Prior to trial defendant requested disclosure of papers and documents within the possession of the State “which are material to the preparation of the defense ..” Rule of Criminal Procedure 27(a)(5). The trial court ordered disclosure. The State failed to disclose a supplemental police report and the statement of a witness. Defendant learned of the nondisclosure subsequent to his conviction for burglary. Section 40A-16-3, N.M.S.A.1953 (2d Repl.Vol. 6). He moved for post-conviction relief because of the nondisclosure. The motion was denied; defendant appeals. Where the violation of Rule of Criminal Procedure 27(a)(5) is not discovered until after trial, what standards are to be applied in determining whether defendant is entitled to a new trial because of the nondisclosure ?
The rules of criminal procedure do not provide the answer to this fact situation. The rule most nearly applicable is Rule 30, but it applies to disclosure violations discovered prior to or during trial.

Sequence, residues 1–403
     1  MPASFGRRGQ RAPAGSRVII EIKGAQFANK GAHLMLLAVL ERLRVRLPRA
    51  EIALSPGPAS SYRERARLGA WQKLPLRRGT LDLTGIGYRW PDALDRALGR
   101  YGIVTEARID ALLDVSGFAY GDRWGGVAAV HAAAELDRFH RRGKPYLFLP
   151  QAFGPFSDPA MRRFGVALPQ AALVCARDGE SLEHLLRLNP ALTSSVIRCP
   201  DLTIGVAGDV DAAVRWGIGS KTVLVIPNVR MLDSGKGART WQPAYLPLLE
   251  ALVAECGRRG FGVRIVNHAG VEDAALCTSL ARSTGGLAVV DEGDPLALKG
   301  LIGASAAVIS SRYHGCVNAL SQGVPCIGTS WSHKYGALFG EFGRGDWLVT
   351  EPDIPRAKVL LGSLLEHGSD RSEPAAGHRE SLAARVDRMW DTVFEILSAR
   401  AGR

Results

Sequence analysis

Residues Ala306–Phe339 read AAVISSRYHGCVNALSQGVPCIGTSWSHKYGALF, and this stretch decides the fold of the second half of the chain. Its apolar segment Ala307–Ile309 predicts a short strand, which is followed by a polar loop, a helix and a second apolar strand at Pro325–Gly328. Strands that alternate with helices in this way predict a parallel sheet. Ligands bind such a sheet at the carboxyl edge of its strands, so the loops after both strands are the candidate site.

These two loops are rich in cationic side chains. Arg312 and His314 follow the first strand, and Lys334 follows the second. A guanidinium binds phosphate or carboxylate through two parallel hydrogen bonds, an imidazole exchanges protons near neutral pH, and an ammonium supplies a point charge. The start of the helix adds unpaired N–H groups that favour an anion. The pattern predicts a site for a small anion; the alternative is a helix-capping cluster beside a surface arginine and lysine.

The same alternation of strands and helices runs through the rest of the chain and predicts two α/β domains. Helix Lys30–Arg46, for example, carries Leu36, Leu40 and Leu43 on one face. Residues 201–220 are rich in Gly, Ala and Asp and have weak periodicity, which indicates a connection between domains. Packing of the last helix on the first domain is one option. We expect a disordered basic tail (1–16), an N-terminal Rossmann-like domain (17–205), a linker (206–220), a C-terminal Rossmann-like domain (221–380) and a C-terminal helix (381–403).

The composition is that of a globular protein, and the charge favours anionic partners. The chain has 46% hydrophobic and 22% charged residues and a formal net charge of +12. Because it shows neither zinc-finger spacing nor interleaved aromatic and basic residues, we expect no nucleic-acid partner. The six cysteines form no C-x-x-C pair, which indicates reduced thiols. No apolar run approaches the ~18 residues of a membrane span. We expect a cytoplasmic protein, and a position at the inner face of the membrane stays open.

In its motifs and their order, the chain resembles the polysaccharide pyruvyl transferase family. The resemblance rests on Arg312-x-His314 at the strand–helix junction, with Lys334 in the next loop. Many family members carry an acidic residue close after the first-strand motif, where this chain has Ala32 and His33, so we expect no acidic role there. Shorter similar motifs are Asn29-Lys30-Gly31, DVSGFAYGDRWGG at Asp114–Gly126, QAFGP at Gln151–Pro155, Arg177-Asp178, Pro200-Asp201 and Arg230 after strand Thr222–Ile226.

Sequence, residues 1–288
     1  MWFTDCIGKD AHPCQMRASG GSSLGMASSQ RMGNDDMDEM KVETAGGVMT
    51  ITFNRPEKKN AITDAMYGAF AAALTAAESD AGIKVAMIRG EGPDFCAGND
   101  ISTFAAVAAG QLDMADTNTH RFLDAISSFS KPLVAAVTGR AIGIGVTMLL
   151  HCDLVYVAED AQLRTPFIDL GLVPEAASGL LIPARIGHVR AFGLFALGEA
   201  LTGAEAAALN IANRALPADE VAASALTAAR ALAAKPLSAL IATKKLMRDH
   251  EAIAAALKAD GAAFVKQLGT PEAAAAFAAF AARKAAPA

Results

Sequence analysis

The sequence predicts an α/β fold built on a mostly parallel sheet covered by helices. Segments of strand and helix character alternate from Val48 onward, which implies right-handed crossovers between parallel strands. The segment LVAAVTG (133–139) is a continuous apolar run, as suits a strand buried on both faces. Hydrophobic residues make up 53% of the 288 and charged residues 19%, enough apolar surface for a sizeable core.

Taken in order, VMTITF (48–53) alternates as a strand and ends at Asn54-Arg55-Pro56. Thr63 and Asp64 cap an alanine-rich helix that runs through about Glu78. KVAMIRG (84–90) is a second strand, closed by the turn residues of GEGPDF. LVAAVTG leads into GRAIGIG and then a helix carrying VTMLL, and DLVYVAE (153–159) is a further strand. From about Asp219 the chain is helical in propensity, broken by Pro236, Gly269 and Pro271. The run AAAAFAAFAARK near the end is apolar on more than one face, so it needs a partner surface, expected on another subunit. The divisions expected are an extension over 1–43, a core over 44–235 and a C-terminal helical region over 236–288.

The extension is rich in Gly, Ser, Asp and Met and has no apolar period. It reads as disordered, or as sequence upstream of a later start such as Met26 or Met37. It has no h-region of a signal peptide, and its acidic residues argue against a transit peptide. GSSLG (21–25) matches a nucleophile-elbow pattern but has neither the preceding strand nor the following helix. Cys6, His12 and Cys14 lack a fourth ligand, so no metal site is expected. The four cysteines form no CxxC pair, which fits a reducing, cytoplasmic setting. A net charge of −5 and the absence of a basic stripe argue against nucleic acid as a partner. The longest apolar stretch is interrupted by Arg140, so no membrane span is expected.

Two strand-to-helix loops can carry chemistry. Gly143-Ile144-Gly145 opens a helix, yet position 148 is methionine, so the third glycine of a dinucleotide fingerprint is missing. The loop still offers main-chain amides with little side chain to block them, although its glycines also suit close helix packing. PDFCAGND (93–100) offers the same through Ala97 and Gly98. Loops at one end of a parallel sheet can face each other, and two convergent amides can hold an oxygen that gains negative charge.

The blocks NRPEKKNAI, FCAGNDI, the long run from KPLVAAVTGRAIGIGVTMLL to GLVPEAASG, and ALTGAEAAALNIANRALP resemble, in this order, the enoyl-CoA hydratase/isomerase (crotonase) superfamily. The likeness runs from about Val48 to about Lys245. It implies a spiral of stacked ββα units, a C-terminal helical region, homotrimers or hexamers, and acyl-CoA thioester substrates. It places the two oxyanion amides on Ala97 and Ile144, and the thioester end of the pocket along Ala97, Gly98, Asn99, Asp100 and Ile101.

The trial court stated two reasons for denying post-conviction relief: (1) there was no deliberate suppression of evidence and no knowing failure to disclose, and *199(2) the nondisclosed documents do not favor the defendant. Both reasons are inaccurate statements of the applicable standards.
The nondisclosed documents were in the possession of the district attorney’s office, but had been placed in the wrong file. The nondisclosure was inadvertent. No different standard applies because the nondisclosure is negligent rather than deliberate. Trimble v. State, 75 N.M. 183, 402 P.2d 162 (1965); compare State v. Hogervorst, 87 N.M. 458, 535 P.2d 1084 (Ct.App.1975).
One standard is that the nondisclosed items must be material. Material to what? In discussing suppressed evidence in terms of constitutional due process, State v. Morris, 69 N.M. 244, 365 P.2d 668 (1961) refers to evidence “material to the guilt or innocence of the accused, or to the penalty to be imposed.” Trimble v. State, supra, does not approve a lesser standard because Trimble states: “Nothing which follows . . . conflicts with our holding in State v. Morris, supra.”